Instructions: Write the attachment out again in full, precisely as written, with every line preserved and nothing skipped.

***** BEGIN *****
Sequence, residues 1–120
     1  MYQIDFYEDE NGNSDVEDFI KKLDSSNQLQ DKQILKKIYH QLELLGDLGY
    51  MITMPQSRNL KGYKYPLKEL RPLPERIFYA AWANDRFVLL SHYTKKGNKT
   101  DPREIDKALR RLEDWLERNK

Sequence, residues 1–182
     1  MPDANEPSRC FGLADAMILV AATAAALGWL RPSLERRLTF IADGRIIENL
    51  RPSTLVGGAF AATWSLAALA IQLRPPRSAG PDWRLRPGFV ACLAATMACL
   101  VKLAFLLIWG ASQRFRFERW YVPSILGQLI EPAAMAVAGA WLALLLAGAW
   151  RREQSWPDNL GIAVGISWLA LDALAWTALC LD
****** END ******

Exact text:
Sequence, residues 1–120
     1  MYQIDFYEDE NGNSDVEDFI KKLDSSNQLQ DKQILKKIYH QLELLGDLGY
    51  MITMPQSRNL KGYKYPLKEL RPLPERIFYA AWANDRFVLL SHYTKKGNKT
   101  DPREIDKALR RLEDWLERNK

Sequence, residues 1–182
     1  MPDANEPSRC FGLADAMILV AATAAALGWL RPSLERRLTF IADGRIIENL
    51  RPSTLVGGAF AATWSLAALA IQLRPPRSAG PDWRLRPGFV ACLAATMACL
   101  VKLAFLLIWG ASQRFRFERW YVPSILGQLI EPAAMAVAGA WLALLLAGAW
   151  RREQSWPDNL GIAVGISWLA LDALAWTALC LD